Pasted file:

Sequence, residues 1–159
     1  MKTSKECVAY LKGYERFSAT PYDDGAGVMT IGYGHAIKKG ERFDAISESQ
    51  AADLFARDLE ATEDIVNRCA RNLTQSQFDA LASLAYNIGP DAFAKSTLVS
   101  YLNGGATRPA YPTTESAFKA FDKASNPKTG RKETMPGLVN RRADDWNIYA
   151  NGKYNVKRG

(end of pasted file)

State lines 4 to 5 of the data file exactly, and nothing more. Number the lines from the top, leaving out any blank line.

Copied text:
   101  YLNGGATRPA YPTTESAFKA FDKASNPKTG RKETMPGLVN RRADDWNIYA
   151  NGKYNVKRG